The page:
Beer Goggles

It’s difficult to taste the difference between Bud Light, Coors Light and Miller Lite. Not to mention the other slight variations on those beers. So, right off the bat, the mainstream beer market has several big players with almost no product variation. The only product variation in the mainstream beer market is the bottle and can. Barring the introduction of a new type of beer, the scarce informational beer advertisement is usually about a new bottle. The rest is persuasive.

U.S. alcohol consumption per capita. Source: International Journal of Advertising

U.S. alcohol consumption per capita. Source: International Journal of Advertising

The goal of beer advertising is not to add more drinkers to the market. The number of people who drink beer in total tends not to be ad elastic, and in fact doesn’t change much at all; so the big firms fight to redistribute shares of the market.

For example: the Miller Lite vortex glass bottle, which was advertised as creating an easier pour. Miller Lite, Coors Light and Bud Light all advertised its aluminum bottles with screw tops. Bud Light recently designed different can artwork for every NFL team.

The reason, again, is product similarity. When the product is the same (maybe a few calories more or less), advertising, including packaging, becomes a serious part of the interactions between beer giants. According to market research firm Statista, Anheuser-Busch InBev spent $539 million on ads in 2014. MillerCoors spent the second-most, at $417 million.

The ads are almost exclusively persuasive. They focus on groups of people socializing, often out of the house. The marketers want consumers to associate being part of a group with drinking their light beer.

Beer is a low-risk purchase, meaning the consumer knows more or less what they will get when they open the bottle or can. Until you get to the craft beer segment, which I will ignore for this post, drinkers of mainstream beers will not investigate the qualities of light beers – for example, Coors Light versus Miller Lite. Consumers rely more heavily on the attitude surrounding a beer brand instead of the beer itself because the taste is almost indistinguishable. That’s why humor and fun are used more than information.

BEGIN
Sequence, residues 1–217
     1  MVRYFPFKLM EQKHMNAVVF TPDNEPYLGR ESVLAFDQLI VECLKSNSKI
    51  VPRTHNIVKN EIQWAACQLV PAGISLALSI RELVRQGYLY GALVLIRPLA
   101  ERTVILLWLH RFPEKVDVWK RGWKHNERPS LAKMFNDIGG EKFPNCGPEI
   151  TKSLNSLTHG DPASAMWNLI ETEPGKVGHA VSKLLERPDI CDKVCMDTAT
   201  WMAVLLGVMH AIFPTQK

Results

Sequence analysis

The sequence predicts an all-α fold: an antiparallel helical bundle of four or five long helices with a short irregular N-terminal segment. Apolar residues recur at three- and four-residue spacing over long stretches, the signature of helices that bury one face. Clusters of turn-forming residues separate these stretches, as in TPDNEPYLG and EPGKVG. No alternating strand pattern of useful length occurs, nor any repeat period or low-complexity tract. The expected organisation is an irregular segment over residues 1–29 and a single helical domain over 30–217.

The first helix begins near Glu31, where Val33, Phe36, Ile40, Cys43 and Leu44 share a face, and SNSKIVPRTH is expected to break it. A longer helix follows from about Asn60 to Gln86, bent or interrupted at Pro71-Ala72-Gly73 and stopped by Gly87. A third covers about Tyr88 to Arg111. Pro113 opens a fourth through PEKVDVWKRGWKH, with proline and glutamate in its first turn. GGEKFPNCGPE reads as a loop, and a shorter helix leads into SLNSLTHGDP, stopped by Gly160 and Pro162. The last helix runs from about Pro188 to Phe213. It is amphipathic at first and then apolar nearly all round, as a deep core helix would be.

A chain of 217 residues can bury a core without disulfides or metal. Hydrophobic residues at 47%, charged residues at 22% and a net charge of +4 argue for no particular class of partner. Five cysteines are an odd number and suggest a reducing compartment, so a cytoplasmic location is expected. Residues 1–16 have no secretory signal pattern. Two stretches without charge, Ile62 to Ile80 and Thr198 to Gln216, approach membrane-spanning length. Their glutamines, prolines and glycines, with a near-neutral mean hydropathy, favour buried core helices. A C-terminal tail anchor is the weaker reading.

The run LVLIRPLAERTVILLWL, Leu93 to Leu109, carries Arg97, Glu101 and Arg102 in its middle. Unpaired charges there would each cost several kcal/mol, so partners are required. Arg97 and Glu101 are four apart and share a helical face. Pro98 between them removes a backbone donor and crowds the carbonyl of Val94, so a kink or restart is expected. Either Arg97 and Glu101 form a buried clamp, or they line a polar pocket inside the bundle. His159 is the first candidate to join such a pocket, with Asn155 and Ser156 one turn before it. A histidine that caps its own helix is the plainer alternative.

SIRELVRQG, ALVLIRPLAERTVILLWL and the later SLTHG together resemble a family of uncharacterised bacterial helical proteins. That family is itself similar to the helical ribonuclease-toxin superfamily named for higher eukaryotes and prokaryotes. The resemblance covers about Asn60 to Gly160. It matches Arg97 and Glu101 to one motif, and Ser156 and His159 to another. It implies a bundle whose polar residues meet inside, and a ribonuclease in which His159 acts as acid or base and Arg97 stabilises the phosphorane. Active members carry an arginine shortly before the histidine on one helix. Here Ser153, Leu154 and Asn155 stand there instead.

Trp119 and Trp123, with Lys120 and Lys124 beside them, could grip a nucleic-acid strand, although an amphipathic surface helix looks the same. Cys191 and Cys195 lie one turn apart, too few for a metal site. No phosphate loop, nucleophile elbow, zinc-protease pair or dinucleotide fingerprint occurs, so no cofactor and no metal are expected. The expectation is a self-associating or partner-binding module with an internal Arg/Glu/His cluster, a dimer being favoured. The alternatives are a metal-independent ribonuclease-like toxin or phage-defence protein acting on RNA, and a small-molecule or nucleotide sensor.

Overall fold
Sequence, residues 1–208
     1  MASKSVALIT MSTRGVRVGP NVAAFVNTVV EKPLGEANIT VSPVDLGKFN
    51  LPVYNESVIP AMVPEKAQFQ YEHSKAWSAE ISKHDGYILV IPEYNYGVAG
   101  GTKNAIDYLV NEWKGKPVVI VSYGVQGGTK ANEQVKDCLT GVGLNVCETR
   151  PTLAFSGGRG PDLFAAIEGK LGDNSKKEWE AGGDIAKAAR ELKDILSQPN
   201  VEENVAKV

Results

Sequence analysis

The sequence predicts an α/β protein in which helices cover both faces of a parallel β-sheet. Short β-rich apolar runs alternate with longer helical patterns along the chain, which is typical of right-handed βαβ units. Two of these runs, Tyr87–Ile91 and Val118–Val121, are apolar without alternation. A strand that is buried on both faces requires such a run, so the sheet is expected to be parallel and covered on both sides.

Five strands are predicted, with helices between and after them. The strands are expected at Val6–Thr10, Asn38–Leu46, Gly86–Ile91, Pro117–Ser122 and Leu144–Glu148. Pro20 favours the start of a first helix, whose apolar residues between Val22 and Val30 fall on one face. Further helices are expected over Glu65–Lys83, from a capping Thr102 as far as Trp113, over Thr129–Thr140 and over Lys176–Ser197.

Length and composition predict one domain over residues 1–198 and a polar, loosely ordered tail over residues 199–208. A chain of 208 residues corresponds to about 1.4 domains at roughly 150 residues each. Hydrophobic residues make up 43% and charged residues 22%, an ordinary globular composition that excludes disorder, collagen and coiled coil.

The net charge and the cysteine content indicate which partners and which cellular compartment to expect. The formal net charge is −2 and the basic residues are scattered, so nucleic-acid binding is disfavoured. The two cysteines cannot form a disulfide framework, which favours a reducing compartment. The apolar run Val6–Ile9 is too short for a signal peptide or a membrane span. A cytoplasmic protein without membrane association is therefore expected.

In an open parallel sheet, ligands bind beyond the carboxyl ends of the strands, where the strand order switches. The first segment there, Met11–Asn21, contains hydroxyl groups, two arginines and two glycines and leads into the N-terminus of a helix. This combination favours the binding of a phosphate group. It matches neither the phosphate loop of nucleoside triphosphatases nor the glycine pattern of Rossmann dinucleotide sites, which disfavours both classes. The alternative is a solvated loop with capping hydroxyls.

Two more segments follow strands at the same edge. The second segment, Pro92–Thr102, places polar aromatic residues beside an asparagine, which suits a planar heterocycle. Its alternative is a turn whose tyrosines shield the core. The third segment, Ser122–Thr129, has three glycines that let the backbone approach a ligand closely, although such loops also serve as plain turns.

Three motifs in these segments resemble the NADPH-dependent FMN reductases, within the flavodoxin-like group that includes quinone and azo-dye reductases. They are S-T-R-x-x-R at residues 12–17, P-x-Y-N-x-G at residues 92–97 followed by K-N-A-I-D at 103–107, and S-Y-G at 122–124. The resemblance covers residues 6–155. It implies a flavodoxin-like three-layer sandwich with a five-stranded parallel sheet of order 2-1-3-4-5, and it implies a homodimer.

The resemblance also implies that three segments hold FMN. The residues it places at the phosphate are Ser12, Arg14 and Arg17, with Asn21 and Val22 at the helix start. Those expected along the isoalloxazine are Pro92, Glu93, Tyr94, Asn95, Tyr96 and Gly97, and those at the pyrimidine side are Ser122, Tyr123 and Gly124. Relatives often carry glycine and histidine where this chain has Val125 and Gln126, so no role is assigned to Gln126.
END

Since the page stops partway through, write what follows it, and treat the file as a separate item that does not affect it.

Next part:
So, we should take a look at some examples:

bud light-up for whatever

Bud Light advertises the night life. Going out with friends, not knowing what awesome thing you might do together, and knowing you’re safe with Bud Light. It’s all about comfort with the product. Beer drinkers already know what Bud Light tastes like. But when they plan to be with a group of people, Anheuser-Busch marketers want beer drinkers to think, no matter what, Bud Light is a safe and familiar choice.

cl-cold

Coors Light might trick the occasional viewer into thinking its advertisements are informative; but I struggle to believe “coldness” is an informational quality of the beer. Coors will set a lot of its advertisements at bars and in cold places. During football season, Coors joins Miller and Bud in deploying NFL-related advertisements. The prisoner’s dilemma comes in here: If only one firm advertises to the football crowd (men who are group-oriented and generally more susceptible to the fear of missing out), the other firms lose significant market share. If they all advertise to this market segment, Anheuser-Busch and MillerCoors split a small gain in total profit.